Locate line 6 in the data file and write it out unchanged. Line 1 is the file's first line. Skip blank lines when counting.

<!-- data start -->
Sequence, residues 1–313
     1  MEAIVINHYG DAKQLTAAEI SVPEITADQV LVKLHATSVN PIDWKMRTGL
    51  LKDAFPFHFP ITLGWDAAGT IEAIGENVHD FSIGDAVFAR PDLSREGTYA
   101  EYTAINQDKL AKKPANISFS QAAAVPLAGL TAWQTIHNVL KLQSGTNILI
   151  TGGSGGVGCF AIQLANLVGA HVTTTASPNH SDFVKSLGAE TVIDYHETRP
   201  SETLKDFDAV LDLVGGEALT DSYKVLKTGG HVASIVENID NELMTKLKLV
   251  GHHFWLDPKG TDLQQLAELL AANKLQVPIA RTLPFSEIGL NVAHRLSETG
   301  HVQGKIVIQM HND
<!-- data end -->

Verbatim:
   201  SETLKDFDAV LDLVGGEALT DSYKVLKTGG HVASIVENID NELMTKLKLV